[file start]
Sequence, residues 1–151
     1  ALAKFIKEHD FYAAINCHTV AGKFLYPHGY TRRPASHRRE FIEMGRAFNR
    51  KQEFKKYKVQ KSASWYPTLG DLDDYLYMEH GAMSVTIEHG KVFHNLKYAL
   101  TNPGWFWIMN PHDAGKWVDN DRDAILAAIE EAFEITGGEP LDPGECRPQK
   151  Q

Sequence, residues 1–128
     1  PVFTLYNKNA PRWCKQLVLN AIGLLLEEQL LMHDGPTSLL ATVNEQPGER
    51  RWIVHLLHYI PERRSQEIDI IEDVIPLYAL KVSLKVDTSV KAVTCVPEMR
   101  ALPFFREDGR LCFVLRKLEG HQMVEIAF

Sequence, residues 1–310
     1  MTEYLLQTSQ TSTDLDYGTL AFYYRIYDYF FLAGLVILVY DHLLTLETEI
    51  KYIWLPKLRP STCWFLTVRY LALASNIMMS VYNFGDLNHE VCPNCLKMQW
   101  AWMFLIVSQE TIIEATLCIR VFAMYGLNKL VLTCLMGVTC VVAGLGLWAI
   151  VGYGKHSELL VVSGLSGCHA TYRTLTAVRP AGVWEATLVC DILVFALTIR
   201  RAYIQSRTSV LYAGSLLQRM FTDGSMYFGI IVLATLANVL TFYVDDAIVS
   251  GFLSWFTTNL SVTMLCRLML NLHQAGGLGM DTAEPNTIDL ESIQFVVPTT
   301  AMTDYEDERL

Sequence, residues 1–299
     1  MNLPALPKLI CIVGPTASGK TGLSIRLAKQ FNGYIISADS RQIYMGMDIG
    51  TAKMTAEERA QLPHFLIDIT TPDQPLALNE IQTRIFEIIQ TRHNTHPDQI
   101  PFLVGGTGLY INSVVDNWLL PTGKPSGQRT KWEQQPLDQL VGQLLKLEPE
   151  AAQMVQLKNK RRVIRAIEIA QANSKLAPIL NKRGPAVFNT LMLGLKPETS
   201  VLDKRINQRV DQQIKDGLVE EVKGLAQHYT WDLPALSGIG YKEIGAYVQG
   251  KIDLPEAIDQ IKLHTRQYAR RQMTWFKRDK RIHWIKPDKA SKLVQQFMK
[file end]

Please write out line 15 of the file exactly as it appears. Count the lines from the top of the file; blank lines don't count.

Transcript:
   201  RAYIQSRTSV LYAGSLLQRM FTDGSMYFGI IVLATLANVL TFYVDDAIVS